Background Multimorbidity, which is associated with significant negative outcomes for individuals and health care systems, is increasing in the United Kingdom. However, there is a lack of knowledge about the risk factors (including health, behavior, and environment) for multimorbidity over time. An interdisciplinary approach is essential, as data science, artificial intelligence, and engineering concepts (digital twins) can identify key risk factors throughout the life course, potentially enabling personalized simulation of life-course risk for the development of multimorbidity. Predicting the risk of developing clusters of health conditions before they occur would add clinical value by enabling targeted early preventive interventions, advancing personalized care to improve outcomes, and reducing the burden on health care systems. Objective This study aims to identify key risk factors that predict multimorbidity throughout the life course by developing an intelligent agent using digital twins so that early interventions can be delivered to improve health outcomes. The objectives of this study are to identify key predictors of lifetime risk of multimorbidity, create a series of simulated computational digital twins that predict risk levels for specific clusters of factors, and test the feasibility of the system. Methods This study will use machine learning to develop digital twins by identifying key risk factors throughout the life course that predict the risk of later multimorbidity. The first stage of the development will be the training of a base predictive model. Data from the National Child Development Study, the North West London Integrated Care Record, the Clinical Practice Research Datalink, and Cerner’s Real World Data will be split into subsets for training and validation, which will be done following the k-fold cross-validation procedure and assessed with the Prediction Model Risk of Bias Assessment Tool (PROBAST). In addition, 2 data sets—the Early-Life Data Cross-linkage in Research study and the Children and Young People’s Health Partnership randomized controlled trial—will be used to develop a series of digital twin personas that simulate clusters of factors to predict different risk levels of developing multimorbidity. Results The expected results are a validated model, a series of digital twin personas, and a proof-of-concept assessment. Conclusions Digital twins could provide an individualized early warning system that predicts the risk of future health conditions and recommends the most effective intervention to minimize that risk. These insights could significantly improve an individual’s quality of life and healthy life expectancy and reduce population-level health burdens. International Registered Report Identifier (IRRID) PRR1-10.2196/35738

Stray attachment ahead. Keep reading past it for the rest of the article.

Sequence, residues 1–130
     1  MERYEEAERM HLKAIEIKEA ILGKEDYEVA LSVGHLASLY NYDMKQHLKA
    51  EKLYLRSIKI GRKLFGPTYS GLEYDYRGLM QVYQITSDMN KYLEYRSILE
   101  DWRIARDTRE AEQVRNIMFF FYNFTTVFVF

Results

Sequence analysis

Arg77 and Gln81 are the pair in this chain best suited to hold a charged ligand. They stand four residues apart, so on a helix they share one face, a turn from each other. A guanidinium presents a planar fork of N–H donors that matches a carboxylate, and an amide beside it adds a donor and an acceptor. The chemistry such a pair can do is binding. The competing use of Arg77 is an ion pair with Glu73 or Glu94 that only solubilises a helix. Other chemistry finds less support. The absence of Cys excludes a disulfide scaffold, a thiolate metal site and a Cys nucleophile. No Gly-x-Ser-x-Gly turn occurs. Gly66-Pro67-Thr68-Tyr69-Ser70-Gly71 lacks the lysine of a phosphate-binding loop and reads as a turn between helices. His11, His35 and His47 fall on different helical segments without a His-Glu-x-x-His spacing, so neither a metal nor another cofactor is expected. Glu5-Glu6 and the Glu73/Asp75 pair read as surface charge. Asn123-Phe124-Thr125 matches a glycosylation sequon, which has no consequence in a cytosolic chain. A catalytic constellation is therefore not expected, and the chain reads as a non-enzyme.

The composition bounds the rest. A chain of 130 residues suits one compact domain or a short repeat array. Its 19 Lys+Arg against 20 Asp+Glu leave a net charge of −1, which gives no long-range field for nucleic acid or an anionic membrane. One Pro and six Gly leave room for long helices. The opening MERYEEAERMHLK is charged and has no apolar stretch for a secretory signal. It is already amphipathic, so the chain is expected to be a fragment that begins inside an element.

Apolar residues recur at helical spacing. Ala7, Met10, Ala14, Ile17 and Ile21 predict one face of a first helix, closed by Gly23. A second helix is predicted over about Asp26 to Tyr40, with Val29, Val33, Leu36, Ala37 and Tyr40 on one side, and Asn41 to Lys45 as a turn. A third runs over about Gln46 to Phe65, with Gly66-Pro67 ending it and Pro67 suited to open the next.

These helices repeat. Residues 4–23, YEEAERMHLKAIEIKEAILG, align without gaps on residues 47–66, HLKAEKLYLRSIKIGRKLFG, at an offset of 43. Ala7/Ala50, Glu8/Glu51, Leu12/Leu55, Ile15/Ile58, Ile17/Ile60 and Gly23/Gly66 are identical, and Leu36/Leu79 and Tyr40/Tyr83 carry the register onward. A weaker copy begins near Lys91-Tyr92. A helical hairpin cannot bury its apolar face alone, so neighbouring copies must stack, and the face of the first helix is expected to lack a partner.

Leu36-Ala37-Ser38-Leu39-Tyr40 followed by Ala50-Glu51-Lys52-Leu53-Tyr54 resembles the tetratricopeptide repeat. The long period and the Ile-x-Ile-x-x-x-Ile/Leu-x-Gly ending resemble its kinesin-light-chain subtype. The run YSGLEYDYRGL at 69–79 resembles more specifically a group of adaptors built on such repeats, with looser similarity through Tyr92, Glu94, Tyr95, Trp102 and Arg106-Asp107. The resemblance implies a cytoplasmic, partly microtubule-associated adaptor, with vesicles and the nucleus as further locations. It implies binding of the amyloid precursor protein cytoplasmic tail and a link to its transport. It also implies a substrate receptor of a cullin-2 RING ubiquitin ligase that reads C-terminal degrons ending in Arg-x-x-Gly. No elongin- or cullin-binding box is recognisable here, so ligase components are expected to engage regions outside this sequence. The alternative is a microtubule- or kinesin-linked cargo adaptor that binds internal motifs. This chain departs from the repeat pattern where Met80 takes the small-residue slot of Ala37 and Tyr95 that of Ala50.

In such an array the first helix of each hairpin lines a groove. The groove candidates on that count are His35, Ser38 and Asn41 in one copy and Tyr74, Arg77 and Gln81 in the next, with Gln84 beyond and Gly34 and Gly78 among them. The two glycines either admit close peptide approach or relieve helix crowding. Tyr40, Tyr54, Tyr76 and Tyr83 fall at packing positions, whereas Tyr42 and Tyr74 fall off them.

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JMIR Research Protocols





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School of Nursing and Midwifery